James E Raftery, CPA
James E. Raftery, CPA, PC
Are you willing to pay huge penalties for reimbursing your employees for their health insurance?

Are you willing to pay huge penalties for reimbursing your employees for their health insurance?

By Kristina Morgan and James Raftery Did you know your business could be subject to penalties of up to $36,500 a year ($100 per day) per employee simply for reimbursing your employees pre-tax for premiums paid by them for health insurance? You could be subject to this large punitive penalty if you have a business with more than one employee, including yourself.

Background of ACA Compliance

The ACA includes an individual health insurance mandate which applies to the self-employed as well as everybody else. This is true whether you’re a self-employed sole proprietor, partner in a partnership or limited liability company, or employee of your own small corporation.

Additional penalties for compliance failure by the employer were made clear early on (up to $3,000 per employee per year), called the “pay or play” rule. Many larger businesses viewed the penalty as a cheaper alternative to complying with the individual health insurance mandate, and so decided to cancel their plan and reimburse the employees who obtain insurance either directly or through the Marketplace.

The Danger You Face

Due to employee levels, most smaller businesses are not affected by “pay or play” and, therefore, felt they had no obligation to comply with the ACA regulations. However, there is a much more significant trigger that has gone virtually unnoticed by both large and small companies: Pre-tax reimbursement is disallowed.

Internal Revenue Code, section 4980D generally assesses an excise tax for reimbursements:
  • $100 per day per individual per violation ($36,500 per year per one missed requirement).
  • A minimum of $2,500 per individual affected by a violation where (1) the plan does not correct the compliance failure(s) before the IRS sends a notice of examination of tax liability, and (2) the failures continue during the examination period.
  • A minimum of $15,000 per individual if the compliance failure is more than de minimus (when the value and the frequency is so small as to make accounting for it unreasonable or impractical).
Certain failures can trigger this excise tax. Since insurance companies no longer offer insurance that doesn’t meet the ACA standard of minimal essential coverage, most business owners believed they were in compliance without knowing about the pre-tax reimbursement prohibition. That is enough to trigger the excise tax.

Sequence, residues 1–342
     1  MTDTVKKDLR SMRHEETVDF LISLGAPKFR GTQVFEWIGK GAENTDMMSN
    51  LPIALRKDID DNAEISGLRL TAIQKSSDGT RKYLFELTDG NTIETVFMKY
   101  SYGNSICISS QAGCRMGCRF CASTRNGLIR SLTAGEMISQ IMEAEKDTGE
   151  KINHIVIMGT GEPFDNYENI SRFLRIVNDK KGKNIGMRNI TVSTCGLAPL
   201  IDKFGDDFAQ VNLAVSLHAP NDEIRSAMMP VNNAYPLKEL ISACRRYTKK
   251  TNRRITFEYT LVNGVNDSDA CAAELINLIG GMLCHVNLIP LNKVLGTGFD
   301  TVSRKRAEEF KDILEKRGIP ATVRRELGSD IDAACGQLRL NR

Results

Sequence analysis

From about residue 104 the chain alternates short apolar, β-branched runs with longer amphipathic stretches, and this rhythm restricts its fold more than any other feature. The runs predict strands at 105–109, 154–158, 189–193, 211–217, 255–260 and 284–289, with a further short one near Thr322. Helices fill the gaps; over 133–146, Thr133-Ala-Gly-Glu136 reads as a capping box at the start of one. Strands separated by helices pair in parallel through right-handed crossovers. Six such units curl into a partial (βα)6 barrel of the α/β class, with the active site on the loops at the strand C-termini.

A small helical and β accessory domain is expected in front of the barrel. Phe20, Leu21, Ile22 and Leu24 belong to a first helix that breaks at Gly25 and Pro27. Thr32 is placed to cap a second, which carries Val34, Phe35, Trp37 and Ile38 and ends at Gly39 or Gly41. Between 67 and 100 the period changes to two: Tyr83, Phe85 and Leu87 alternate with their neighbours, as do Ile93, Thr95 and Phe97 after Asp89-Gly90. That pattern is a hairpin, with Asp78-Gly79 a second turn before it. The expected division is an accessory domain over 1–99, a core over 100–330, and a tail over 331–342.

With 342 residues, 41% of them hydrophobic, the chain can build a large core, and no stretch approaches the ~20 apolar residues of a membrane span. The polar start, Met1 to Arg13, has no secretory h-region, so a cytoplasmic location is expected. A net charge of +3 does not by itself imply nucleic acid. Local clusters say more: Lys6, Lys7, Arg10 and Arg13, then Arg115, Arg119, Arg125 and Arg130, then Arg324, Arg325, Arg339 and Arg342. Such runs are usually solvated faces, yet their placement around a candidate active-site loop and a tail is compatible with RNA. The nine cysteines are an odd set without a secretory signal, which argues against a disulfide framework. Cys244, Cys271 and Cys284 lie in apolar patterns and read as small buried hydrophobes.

The excise tax applies to any employer – regardless of its size. We’ve already said not many people know about this excise tax but as an employer, you’re on the hook to prove you didn’t know. Even if you can prove the mistake was accidental, the employer must still correct failure(s) within 30 days of the violation AND the correction(s) must be retroactive to the fullest extent possible to potentially avoid some or all of the excise tax.

Are you prepared?

These penalties were set to take effect on January 1, 2014, but the IRS decided to delay enforcement until 2015, so now more than ever, it’s important to review your plan. We continue to be aware of these demands, especially as they impact your business and your tax liability. If you don’t know for sure, we can review your business to help you avoid non-compliance.

Sources -
Online:
Health care reform - consequences of noncompliance for group health plans, February 28, 2014 (FYI In-Depth, Vol 37, Issue 23, www.buckconsultants.com, accessed Feb 2015)
26 U.S. Code § 4980B - Failure to satisfy continuation coverage requirements of group health plans (Legal Information Institute, www.law.cornell.edu, accessed Jan 2015)
Transition Relief for 2014 Under §§ 6055 (IRS Publication, www.irs.gov, accessed Jan 2015
The Forgotten Penalty: Health Care Reform Excise Taxes Could Devastate Employers (Hinkle Law Firm, www.hinklaw.com, accessed Dec 2014)
Health care compliance Form 8928 excise tax self-reporting requirements..., Ann Caresani, Febuary 8, 2012 (Employee Benefits Law Reports, www.employeebenefitslawreport.com, accessed Jan 2015)

Publications:
2014-2015 Schedule C/F & General Business Federal Tax Update, p. 5-60 to 5-66 (Vern Hoven Publications)


If you have any questions about this topic or any others relating to your finances, give us a call or email. We'll be happy to assist you.





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